“Capitolio,” the new book on Venezuela by Magnum photographer Christopher Anderson, offers a stunning view into Caracas’s descent from its perch as one of Latin America’s most economically advanced, if unequal, cities into a place gripped by low-intensity chaos and fear.
Italian photographer Arianna Sanesi, currently lives in Milan, after studying photography in Bologna and traveling through France and the U.S. She is at the beginning of her career, working as an assistant to Magnum photographer Ferdinando Scianna, but has already found a photographic voice. Arianna has an interesting series featured below, on the changing vista of China–the old and the new juxtasposed for thought provoking comparisons
Boogie hurried past me, chasing a butterfly. He waved his camera ahead of him as he attempted to catch a picture of it in flight. His shutter clicked ferociously as he focused on his mission with the glee of a child. For Boogie, a Serbian photographer, the streets of the world are his playground.
I was sent to cover the final memorial and funeral for Jazmine Thompson – the Bayshore High School cheerleader who was shot and killed last Friday night while riding with friends in a car after her school’s football game. A lot has happened since then. The suspect, 18 year-old Daniel Williams, turned himself in to authorities and is charged with second degree murder. There have been numerous fund-raisers, memorials, and community events. Media outlets began to latch on. Dick Vitale, legendary ESPN broadcaster and local resident has stepped up and cover the funeral expenses.
Donna Ferrato’s raw, energetic black-and-white images capture shadowy figures walking alone on wet pavement. There are compelling scenes of construction workers seen through steam and dust hammering Belgian block pavement, and of celebrities and everyday New Yorkers strolling down side streets as if they were fashion catwalks.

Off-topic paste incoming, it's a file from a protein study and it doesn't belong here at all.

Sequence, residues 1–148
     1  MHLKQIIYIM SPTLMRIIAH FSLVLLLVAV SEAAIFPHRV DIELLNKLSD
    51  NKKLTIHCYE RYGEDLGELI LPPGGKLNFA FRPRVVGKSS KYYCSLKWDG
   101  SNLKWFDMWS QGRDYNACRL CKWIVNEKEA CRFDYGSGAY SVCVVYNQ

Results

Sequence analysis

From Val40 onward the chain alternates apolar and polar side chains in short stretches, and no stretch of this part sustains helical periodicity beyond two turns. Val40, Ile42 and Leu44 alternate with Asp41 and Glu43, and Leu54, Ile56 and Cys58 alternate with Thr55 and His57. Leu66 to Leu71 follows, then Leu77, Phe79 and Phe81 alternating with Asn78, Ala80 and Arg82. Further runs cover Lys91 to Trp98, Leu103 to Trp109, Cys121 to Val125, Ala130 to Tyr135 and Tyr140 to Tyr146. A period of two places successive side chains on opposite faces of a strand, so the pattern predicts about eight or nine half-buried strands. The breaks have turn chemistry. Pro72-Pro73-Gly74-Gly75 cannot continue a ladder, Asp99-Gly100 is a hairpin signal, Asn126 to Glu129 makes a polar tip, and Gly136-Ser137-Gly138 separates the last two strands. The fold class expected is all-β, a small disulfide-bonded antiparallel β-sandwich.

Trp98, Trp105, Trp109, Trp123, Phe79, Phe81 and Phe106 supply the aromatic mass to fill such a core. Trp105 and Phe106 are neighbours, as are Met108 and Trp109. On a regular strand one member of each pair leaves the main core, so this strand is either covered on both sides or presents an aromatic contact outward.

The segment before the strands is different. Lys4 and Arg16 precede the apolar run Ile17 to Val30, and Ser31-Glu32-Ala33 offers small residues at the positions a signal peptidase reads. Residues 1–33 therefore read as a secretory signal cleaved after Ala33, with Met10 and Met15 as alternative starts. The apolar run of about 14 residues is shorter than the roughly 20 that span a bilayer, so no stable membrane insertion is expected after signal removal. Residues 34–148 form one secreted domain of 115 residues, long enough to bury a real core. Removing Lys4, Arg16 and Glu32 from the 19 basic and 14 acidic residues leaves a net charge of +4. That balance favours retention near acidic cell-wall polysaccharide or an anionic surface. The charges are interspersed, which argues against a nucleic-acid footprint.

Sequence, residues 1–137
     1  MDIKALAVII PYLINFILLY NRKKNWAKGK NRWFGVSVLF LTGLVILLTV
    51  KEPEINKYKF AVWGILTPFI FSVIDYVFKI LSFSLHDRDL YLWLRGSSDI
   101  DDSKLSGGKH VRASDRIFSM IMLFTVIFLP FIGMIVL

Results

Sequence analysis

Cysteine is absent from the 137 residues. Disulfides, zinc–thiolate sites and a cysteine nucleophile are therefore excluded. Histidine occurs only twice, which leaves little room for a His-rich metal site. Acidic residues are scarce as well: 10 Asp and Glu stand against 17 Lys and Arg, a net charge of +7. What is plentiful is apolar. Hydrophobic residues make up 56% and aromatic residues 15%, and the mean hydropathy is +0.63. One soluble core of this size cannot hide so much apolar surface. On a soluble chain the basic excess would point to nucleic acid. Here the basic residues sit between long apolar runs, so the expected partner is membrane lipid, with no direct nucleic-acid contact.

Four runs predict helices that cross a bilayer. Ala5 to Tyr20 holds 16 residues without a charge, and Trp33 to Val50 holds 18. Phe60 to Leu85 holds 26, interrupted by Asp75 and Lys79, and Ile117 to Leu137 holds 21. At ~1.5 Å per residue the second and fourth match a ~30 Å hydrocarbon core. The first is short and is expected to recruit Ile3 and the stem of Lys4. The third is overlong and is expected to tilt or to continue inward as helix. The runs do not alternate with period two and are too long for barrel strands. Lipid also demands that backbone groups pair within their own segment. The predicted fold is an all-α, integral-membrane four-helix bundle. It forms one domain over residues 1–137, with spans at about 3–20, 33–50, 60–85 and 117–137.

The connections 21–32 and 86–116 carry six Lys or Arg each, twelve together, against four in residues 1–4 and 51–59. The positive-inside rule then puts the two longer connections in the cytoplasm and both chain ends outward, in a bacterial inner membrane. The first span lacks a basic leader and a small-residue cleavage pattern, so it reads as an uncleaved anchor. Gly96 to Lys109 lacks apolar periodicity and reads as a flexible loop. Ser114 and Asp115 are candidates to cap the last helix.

In the case of these photographs, they have lived happily, cared for in the file cabinets at Contact Press Images in New York for the past three decades. Now and then a picture would be licensed but for the most part, as a body of work it remained relatively untouched. Then, about two years ago, I returned from a trip to find that a small conference room at the agency had been papered with 5″x7″ Xerox copies of dozens of photographs from the Revolution. They had been taped up in the timeline sequence they were shot in, and for the first time, I realized that I was looking at the whole story all at once. The progression of the story was laid out, and it made total sense. Jacques Menashe, a reporter with Contact, and Robert Pledge, the director, had, in my absence, put together this visual narrative in a way that really told the story. We worked from this point forward, sharpening details about what happened where, and on which day, cross referencing with both contemporary news accounts and books written about the Revolution. In the end, when we presented the package to the book division at National Geographic a year ago, it was pretty much ready to go. And once they signed on, there were dozens of little detail items that we wanted to make sure were right. Between those accounts, my caption envelopes, and my sometimes fading memory, we managed to structure the book layout in a form which tries to tell the story in the timeline that unfolded. It is a book of history. Yes, photography is memory, and whatever else is written about the Iranian Revolution, and the ways in which it became the precursor for much of what has happened in the Middle East in the last three decades, this book will remain to tell that story.